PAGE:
"The comparison is irrelevant. Cancer drugs were developed by companies that invested hundreds of millions of dollars, billions of dollars in research and development," said John Lamattina, a former senior vice president at pharmaceutical giant Pfizer Inc., who currently writes about the industry for Forbes.
Daraprim, meanwhile, "is generic drug. There’s no research and development they had to do," said Gerard Anderson, a professor of health economics and finance at Johns Hopkins University.
The research and development for Daraprim happened long before Shkreli bought the rights. It’s the trade name for pyrimethamine, a drug created by Nobel Prize-winning scientist Gertrude Elion that can be used to treat malaria as well as toxoplasmosis.
Though no generic drug company has taken up manufacturing Daraprim (there are only about 2,000 U.S. patients who use the drug every year), it’s been available for reproduction for more than 60 years. That means its peers should be other generic drugs like ibuprofen, penicillin, and antibiotics, experts told us.
The proposed 5,000 percent price increase on Daraprim is indicative of a larger trend among more niche generic drugs. A joint House and Senate investigation, partly led by Democratic candidate Sen. Bernie Sanders of Vermont, found that the annual cost hikes for 10 generic drugs ranged from 390 to 8,200 percent.
This "anarchy pricing" can be attributed to the failure of the free market and a lack of government regulation, says Alan Sager, a professor of health policy and management at Boston University.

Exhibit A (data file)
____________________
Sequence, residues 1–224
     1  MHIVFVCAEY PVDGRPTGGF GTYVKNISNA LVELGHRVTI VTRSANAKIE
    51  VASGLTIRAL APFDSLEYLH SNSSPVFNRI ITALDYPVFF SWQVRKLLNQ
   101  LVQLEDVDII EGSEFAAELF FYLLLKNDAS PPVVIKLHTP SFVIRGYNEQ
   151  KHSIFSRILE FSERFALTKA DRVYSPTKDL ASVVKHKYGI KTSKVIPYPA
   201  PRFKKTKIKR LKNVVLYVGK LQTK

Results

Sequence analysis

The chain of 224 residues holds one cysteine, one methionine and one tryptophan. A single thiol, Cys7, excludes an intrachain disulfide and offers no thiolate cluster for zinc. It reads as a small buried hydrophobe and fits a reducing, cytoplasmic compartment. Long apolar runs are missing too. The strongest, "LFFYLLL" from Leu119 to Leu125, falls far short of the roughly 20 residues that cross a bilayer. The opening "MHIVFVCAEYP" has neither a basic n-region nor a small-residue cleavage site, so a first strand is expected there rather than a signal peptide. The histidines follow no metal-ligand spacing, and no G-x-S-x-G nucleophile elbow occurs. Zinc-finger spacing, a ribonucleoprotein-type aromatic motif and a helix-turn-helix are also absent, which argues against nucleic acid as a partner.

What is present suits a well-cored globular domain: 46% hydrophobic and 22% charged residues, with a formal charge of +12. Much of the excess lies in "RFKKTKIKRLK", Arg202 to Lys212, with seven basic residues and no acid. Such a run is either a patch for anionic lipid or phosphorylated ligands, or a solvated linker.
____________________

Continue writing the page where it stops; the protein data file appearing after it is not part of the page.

"Essentially, this is an example of where the drug pricing system for generic drugs has totally failed," Anderson said. "In the past, generic drugs have prices that are low because of competition. Anyone can make it with FDA approval. The only thing you can compete on is price. (Shkreli’s) found something where there's no competitors."
Anyone can legally make Daraprim, but for the time being, Turing’s monopoly gives it free reign to impose very high prices. As for Shkreli’s claims that the profits will go to research for a better version of Daraprim, experts aren’t buying it.
"Turing has not got a single clinical trial underway. Shkreli’s not testing new drugs of any kind for toxoplasmosis. He's got nothing registered," Attaran said. "No one needs a new drug for toxoplasmosis anyways. It works so well bloody well."
Shkreli, the CEO of Turing Pharmaceuticals, said, "Daraprim is still underpriced, relative to its peers."
By his own estimates, Daraprim is cheaper than cancer and rare disease drugs, which he considers Daraprim’s "peers." By others, Daraprim costs about the same, if not more.
Yet experts told us cancer and rare disease drugs are not Daraprim’s peers. Daraprim’s patent expired more than six decades ago and is a niche generic drug. The same cannot be said of cancer treatments.
We rate his claim False.
Correction: An earlier version of this fact-check misspelled Martin Shkreli's name.